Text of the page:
BRIEF DESCRIPTION OF THE INVENTION

An object of the invention is to solve the above problem and provide a method and equipment implementing the method so as to solve the above problem. The objects of the invention are achieved by a method which is characterized by defining for the service at least one special situation during which provisioning of the network service fails but the switching point operates successfully, defining an instruction for said at least one special situation, receiving at the detection point a message indicating the existence of the call related service for which the special situation has been defined, receiving at the switching point a first routing instruction either from a caller or the control point, checking said first routing instruction, detecting the special situation if the first routing instruction indicates the occurrence of the special situation, and following said instruction in response to the detection of the special situation.

The invention further relates to a method which is characterized by defining a special character by means of which the caller of the call that activated the service is able to indicate a special situation during-which provisioning of the call for the caller fails but the switching point operates successfully, receiving the special character at the switching point, detecting the special situation in response to the received special character, requesting a second routing instruction in response to the detection of the special situation, and transferring call control to the service control point.

The invention further relates to an intelligent network in which the methods of the invention can be applied. The intelligent network of the invention is characterized in that at least one special situation is defined for the service, it being failed for the service but successful for the switching point, an instruction has been defined for said at least one special situation, and the service switching point is arranged to detect the special situation and follow said instruction in response to the special situation.

The invention further relates to a service switching point of an intelligent network, suitable for use in the methods and intelligent network of the invention. The intelligent network service switching point of the invention is characterized in that the switching point includes memory means for storing at least one definition for a special situation and its instruction for at least one service, the special situation being failed for the service but successful for the switching point, checking means for checking if the received routing instruction leads to a special situation, and function means responsive to the checking means for carrying out the operation of the instruction.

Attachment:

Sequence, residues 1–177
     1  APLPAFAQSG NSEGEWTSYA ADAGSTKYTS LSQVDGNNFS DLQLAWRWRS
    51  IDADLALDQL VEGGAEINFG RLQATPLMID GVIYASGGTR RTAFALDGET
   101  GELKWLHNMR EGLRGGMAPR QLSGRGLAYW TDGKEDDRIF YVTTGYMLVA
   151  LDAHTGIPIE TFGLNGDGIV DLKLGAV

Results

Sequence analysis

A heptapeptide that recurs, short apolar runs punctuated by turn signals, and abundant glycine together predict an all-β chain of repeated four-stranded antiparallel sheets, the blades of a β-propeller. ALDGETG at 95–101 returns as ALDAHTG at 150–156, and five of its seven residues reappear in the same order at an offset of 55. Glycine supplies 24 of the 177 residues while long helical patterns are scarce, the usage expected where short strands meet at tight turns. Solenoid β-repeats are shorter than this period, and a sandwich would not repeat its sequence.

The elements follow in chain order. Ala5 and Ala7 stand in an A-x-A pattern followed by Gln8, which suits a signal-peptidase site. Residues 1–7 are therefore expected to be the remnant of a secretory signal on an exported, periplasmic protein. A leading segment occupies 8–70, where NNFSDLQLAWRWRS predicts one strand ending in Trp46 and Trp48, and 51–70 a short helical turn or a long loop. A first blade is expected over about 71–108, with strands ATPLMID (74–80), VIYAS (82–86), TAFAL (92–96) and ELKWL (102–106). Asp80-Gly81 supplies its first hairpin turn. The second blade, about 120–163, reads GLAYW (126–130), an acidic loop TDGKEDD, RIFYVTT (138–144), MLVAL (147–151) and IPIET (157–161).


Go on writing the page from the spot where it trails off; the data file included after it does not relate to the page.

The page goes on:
The invention further relates to a service control point of an intelligent network, suitable for use in the methods and intelligent network of the invention. The intelligent network service control point of the invention is characterized in that for a control point service is defined at least one special situation during which provisioning of the service fails but connection set-up is successful, the control point includes reception means for receiving a situation message indicating the special situation, and management means are arranged to give new connection set-up instructions in response to the situation message.

The basic idea of the invention is to detect a service-related special situation and, as distinct from the prior art, to act in the special situation in a way that is suitable for the special situation and the service, such as inquire the caller in connection with a call list service if (s)he wishes her/his call to be connected to a voice mailbox. An advantage of this is that the service is able to influence the action that is taken in the special situation, whereby the objective of the service is achieved in the best possible way.

In a preferred embodiment of the invention, a special situation is detected not until a special character dialed by a caller is received. An advantage of this is that it also provides an opportunity to react to special situations on occasions in which the service switching point has not detected a special situation, because the voice mailbox is located in another exchange, for example, to which the switching point is connected via a telephone network, and the switching point is therefore unable to detect the special situation.